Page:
Reader comments (4)
By Sean Tubbs
Thursday, June 7
| Artist's rendering of the planned YMCA (Source: VMDO Architects/Piedmont Family YMCA)
“The Public Procurement Act … exists to ensure that all bidders have access to public business and that favoritism does not result,” argued David Thomas
, attorney for the Charlottesville Area Fitness Club Operators Association.
The group, which consists of ACAC
and Gold’s Gym, filed suit in May 2010 against the city and county, claiming that each violated procurement rules to give an unfair advantage to the YMCA.
Charlottesville’s City Council
awarded a $1-a-year ground lease to the YMCA in December 2007 after issuing a request for proposals to build and operate an aquatic center on the western side of McIntire Park
The RFP called for a “nonprofit youth and family community recreation center program to construct a facility to operate their program.”
The YMCA was the only bidder and proposed to construct a 77,000-square-foot fitness and aquatic center on land currently occupied by picnic shelters.
“This lease was improperly bid out and my clients’ rights were infringed,” Thomas said. “Any one of my clients could have provided the services at a cheaper price.”
Related stories by Charlottesville Tomorrow
City to advertise lease agreement for McIntire Park YMCA, September 18, 2007, by Sean Tubbs
Council approves McIntire Park lease for YMCA, December 18, 2007, by Sean Tubbs
County approves use agreement for McIntire YMCA; pool details to be ironed out, January 10, 2008, by Sean Tubbs
Fitness group sues Albemarle and Charlottesville over YMCA, May 13, 2010, by Sean Tubbs
YMCA officials hopeful for summer construction, pending lawsuit, February 19, 2011, by Sean Tubbs
Testimony heard in case against lease for YMCA fitness center, April 2, 2011, by Sean Tubbs
Judge dismisses second YMCA lawsuit; Fitness clubs considering appeal, April 21, 2011, by Sean Tubbs
VA Supreme Court to hear YMCA case of fitness clubs vs. Albemarle, August 22, 2011, by Brian Wheeler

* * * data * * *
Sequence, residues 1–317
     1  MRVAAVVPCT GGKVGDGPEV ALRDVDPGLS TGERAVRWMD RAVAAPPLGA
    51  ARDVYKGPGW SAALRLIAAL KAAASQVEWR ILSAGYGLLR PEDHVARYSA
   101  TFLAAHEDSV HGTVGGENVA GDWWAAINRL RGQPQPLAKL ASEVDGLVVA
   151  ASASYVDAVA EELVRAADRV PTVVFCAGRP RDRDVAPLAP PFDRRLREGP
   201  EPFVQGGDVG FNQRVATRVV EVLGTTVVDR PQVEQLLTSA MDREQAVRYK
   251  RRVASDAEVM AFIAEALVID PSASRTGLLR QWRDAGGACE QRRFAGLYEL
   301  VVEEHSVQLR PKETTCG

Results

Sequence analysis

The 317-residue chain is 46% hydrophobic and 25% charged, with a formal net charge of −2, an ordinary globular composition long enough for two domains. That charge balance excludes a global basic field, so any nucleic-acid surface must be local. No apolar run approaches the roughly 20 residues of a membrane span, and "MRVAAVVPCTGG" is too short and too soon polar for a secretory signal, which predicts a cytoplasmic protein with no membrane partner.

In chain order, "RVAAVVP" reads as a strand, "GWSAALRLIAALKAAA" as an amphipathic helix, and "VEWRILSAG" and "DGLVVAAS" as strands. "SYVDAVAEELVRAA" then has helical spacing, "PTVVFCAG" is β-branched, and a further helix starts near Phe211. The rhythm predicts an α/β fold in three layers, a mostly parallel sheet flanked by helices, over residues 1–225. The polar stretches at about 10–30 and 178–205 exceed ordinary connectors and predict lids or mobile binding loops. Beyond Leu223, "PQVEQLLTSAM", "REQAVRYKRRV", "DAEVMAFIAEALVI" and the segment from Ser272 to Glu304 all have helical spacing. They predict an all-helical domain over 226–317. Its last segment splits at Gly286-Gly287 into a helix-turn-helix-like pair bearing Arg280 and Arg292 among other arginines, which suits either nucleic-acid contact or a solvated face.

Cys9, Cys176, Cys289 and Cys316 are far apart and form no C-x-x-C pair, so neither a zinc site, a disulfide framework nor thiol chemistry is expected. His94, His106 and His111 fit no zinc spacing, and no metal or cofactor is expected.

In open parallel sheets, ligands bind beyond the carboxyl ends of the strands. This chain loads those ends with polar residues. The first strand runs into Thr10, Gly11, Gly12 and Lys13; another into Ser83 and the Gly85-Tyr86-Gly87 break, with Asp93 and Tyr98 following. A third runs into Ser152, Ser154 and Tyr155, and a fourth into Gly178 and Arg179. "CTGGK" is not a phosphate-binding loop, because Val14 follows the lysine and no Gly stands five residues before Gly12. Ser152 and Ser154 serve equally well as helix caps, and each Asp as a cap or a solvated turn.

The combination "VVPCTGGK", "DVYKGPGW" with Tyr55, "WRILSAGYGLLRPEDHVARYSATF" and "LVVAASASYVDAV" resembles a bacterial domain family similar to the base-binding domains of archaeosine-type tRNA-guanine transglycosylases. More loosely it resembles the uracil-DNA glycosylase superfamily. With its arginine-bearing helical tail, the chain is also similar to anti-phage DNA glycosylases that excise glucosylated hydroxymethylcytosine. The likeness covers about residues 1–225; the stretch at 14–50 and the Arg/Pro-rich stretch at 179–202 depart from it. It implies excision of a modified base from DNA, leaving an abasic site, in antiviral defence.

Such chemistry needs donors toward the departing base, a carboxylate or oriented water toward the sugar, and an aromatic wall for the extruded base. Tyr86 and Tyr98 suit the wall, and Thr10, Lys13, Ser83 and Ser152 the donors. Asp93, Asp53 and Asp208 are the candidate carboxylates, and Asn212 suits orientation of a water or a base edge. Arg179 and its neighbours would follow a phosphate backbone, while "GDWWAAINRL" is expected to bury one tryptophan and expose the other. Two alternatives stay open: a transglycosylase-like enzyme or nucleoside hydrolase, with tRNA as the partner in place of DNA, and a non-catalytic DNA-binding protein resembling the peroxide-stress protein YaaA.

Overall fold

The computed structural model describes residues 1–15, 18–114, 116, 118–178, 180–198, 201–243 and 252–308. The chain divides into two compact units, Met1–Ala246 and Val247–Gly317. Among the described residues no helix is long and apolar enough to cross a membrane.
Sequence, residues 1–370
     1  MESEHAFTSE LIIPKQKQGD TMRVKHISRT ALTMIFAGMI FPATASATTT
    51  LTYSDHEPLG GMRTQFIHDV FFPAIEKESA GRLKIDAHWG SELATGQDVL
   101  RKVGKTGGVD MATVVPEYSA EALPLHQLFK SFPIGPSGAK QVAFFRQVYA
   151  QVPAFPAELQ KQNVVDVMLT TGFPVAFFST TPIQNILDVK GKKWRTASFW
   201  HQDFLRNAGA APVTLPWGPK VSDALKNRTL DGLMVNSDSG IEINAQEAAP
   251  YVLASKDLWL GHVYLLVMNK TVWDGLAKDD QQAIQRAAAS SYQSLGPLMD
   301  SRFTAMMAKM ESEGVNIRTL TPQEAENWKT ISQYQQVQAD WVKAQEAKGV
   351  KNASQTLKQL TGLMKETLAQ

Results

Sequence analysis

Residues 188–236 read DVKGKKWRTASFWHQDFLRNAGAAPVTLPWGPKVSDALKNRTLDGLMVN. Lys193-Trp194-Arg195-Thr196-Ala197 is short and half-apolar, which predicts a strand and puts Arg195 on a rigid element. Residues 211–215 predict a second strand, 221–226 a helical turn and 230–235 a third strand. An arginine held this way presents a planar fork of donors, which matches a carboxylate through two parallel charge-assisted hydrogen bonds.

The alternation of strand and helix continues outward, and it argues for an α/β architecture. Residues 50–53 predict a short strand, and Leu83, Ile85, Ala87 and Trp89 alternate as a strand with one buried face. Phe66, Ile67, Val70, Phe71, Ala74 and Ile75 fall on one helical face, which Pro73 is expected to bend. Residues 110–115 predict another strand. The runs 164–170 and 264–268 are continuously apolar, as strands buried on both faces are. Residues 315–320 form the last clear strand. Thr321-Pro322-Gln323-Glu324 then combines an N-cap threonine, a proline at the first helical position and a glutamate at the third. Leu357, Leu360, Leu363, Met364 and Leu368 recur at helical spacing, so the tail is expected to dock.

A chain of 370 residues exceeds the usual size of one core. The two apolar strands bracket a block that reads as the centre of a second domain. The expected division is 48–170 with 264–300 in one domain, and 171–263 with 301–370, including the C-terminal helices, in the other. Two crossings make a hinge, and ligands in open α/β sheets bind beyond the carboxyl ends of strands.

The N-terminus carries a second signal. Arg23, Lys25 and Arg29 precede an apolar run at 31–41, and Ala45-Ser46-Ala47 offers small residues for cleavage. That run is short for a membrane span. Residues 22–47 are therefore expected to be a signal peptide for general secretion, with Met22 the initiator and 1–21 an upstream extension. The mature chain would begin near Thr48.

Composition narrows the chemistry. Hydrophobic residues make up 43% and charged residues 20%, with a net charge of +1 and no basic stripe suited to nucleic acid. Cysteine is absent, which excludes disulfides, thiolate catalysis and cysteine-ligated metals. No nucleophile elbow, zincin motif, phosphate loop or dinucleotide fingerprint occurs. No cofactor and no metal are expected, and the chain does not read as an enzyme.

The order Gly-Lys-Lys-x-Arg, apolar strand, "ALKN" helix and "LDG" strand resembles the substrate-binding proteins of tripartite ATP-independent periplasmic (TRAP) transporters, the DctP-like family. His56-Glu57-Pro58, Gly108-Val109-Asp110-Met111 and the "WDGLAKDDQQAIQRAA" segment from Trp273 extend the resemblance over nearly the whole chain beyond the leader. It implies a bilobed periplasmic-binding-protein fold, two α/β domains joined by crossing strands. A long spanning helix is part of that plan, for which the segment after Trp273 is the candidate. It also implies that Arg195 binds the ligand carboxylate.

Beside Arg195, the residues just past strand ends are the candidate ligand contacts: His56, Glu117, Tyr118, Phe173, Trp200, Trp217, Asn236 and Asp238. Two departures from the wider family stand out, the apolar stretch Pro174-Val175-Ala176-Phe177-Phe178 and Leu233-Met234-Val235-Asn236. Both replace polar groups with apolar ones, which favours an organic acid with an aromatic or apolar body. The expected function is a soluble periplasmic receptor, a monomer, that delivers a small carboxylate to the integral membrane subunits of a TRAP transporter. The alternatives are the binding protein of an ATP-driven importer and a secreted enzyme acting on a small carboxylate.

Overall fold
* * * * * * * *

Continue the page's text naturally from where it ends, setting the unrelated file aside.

However, deputy city attorney Allyson Manson-Davies argued said the City Council had the authority to do so.
“Council has broad discretion as a practical purpose and chose to lease out land,” Manson-Davies said.
As part of the deal, the city agreed to allocate $1.25 million toward the center’s construction in exchange for priority time for Charlottesville High School’s swim team.
Albemarle County agreed to allocate $2.03 million as a donation to build the center.
Thomas said both contributions should be governed by the Public Procurement Act because a 26-page use agreement signed by the city, the county and the YMCA is a contract.
In Circuit Court, Judge Cheryl Higgins ruled in favor of the county in November 2010 and in favor of the city in April 2011.
Higgins had supported the city and county’s argument that another section of state code that governs municipal donations allows for an exemption from procurement rules. That means the locality can choose groups it want to contribute money to.
However, Justice William C. Mims said the Virginia Supreme Court’s interest in the case is to explore unanswered questions.
“The issue becomes, do you have to comply with the Public Procurement Act?” Mims said. “This is a donation by appropriation, but it is quacking like a contract.”
However, Manson-Davies said the use agreement is an extension of the lease.
“It is not true that we are procuring fitness services,” Manson-Davies said. “We are not authorized to do so. The city is making a charitable donation in order to get an extra amenity to benefit its citizens.”
Mims pressed Manson-Davies for a deeper explanation.
“Every single time in Virginia a locality contracts by lease, [you’re saying] the Public Procurement Act does not apply?” Mims asked.
“Yes, because what you have here is real property being leased,” Manson-Davies said. “That is their right.”
Mims said that interpretation was “stunning in its breadth.”
“If [a locality] tells a contractor that they have already been chosen and then leases the land to them so they don’t have to comply with the Public Procurement Act, that’s a slippery slope you are putting us on,” Mims said.
During his testimony, Deputy Albemarle County Attorney Greg Kamptner argued that the use agreement was the only way for Albemarle to have some control over how its donation would be used.
“Because the YMCA would be located within the city, the use agreement ensures county residents will have access,” Kamptner said. “The services called for are speculative. The use agreement can be fulfilled even if no county resident ever enters the facility.”
Kamptner was asked several times whether he believes the agreement is a contract.
“It’s not a contract for services within the scope of the Public Procurement Act,” Kamptner said. “Section 15.2-953 allows localities to make donations to provide benefits.”
Chief Justice Cynthia D. Kinser said her interpretation was that donations could be made to organizations that are already providing services, but not necessarily for those that have yet to do so, such as the YMCA. If that was the case, how could Albemarle use this provision to make a donation for a capital project?
Kamptner was not able to answer, but maintained that the purpose of the charitable gift was governed in the use agreement and that county residents would benefit.
“That’s a laudable goal but if it’s a contract, it must go through the Public Procurement Act,” Mims responded.
That is the question the Virginia Supreme Court will be deciding. A ruling is expected to be published before the start of the next session in September.